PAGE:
the officers and crew of the ship, sometimes acting as navigator (at
      which he was highly skilled) and at other times acting as a simple
      crewman. He did all of this as the servant of his flock out of love for
      them and the desire that they should be saved.

      In his old age, Bishop Innocent was chosen to be the successor of
      Metropolitan Philaret of Moscow and was himself placed in this the
      highest position in the Russian Church. His path to this place at the
      pinnacle of the Russian Church was unlikely, beginning not as a monk but
      as a married priest, with a family. Even then, however, we see that he
      became the servant of all in his ministry to the flock entrusted to him.
      By becoming the servant of all, St Innocent acquired in his soul an
      abundance of that greatest quality of the Christian life, humility. Here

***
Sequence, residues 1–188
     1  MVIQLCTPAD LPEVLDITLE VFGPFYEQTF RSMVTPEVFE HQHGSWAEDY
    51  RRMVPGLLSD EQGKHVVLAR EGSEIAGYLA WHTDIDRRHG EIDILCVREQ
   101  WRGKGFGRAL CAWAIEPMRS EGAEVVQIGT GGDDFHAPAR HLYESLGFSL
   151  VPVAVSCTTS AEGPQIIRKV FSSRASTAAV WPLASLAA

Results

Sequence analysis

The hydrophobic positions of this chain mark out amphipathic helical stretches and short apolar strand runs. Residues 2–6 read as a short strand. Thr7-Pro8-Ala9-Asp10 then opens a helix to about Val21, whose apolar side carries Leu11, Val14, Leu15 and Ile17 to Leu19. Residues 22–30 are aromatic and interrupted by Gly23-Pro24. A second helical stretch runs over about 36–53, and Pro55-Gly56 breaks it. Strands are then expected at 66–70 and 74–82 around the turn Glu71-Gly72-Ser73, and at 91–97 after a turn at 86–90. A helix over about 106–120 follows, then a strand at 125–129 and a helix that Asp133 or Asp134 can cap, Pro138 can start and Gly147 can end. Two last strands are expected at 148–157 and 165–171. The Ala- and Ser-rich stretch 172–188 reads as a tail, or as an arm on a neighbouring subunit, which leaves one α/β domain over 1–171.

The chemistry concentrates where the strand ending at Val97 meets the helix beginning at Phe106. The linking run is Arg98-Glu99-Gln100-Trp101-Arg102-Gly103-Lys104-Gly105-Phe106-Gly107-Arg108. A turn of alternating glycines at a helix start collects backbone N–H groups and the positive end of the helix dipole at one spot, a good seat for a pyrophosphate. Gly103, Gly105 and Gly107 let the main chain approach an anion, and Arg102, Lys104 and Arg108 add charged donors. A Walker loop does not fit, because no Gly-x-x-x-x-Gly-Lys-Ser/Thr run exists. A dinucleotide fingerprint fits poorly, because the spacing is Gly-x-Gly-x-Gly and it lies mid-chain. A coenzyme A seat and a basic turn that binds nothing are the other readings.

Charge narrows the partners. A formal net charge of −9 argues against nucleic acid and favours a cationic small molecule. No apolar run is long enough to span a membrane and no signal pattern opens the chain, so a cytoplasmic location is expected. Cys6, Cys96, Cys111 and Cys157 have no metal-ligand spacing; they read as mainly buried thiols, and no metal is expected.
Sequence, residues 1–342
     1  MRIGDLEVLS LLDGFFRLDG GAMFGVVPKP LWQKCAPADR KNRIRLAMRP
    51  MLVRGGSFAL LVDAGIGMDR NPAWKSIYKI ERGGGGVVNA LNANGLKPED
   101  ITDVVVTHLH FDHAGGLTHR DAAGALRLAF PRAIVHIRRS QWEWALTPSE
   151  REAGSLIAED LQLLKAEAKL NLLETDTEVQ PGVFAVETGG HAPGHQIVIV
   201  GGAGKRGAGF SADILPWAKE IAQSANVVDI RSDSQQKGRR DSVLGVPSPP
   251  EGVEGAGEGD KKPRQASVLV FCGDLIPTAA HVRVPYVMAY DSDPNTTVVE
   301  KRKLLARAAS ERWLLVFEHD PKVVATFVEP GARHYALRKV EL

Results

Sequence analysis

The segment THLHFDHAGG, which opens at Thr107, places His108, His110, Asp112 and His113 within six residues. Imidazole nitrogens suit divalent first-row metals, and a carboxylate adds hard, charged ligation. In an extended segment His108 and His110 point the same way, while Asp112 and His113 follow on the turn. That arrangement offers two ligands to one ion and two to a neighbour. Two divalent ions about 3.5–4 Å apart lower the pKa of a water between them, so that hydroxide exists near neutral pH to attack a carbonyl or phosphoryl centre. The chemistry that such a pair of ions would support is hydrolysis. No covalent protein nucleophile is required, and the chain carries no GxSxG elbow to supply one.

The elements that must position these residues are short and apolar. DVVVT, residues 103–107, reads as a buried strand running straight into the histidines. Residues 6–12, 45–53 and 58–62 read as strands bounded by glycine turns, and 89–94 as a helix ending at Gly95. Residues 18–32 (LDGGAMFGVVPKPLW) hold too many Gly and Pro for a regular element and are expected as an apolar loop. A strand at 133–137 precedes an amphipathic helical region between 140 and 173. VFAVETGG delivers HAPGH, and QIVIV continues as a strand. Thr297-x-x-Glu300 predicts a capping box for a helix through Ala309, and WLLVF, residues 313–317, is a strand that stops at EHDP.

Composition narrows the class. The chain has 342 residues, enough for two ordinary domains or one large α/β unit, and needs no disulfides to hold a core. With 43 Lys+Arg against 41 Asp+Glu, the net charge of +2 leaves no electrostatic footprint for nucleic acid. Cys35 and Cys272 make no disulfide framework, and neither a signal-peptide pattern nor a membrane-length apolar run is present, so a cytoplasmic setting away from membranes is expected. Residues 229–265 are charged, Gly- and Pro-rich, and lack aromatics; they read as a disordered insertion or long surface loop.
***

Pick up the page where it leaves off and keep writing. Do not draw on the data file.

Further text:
is our example of how to live the Christian life; here is our example of
      how to obtain humility. St Innocent, by becoming the servant of all, was
      filled with humility and as a result he was found to be among the
      greatest of all. He is a living example of the truth of our Lord’s words
      which we heard today “whosoever will be great among you, shall be your
      minister: And whosoever of you will be the chiefest, shall be servant of

      Archpriest David Moser
      St Seraphim of Sarov Orthodox Church (ROCOR)
      Homilies: http://groups.yahoo.com/group/propoved/
      Website: http://stseraphimboise.org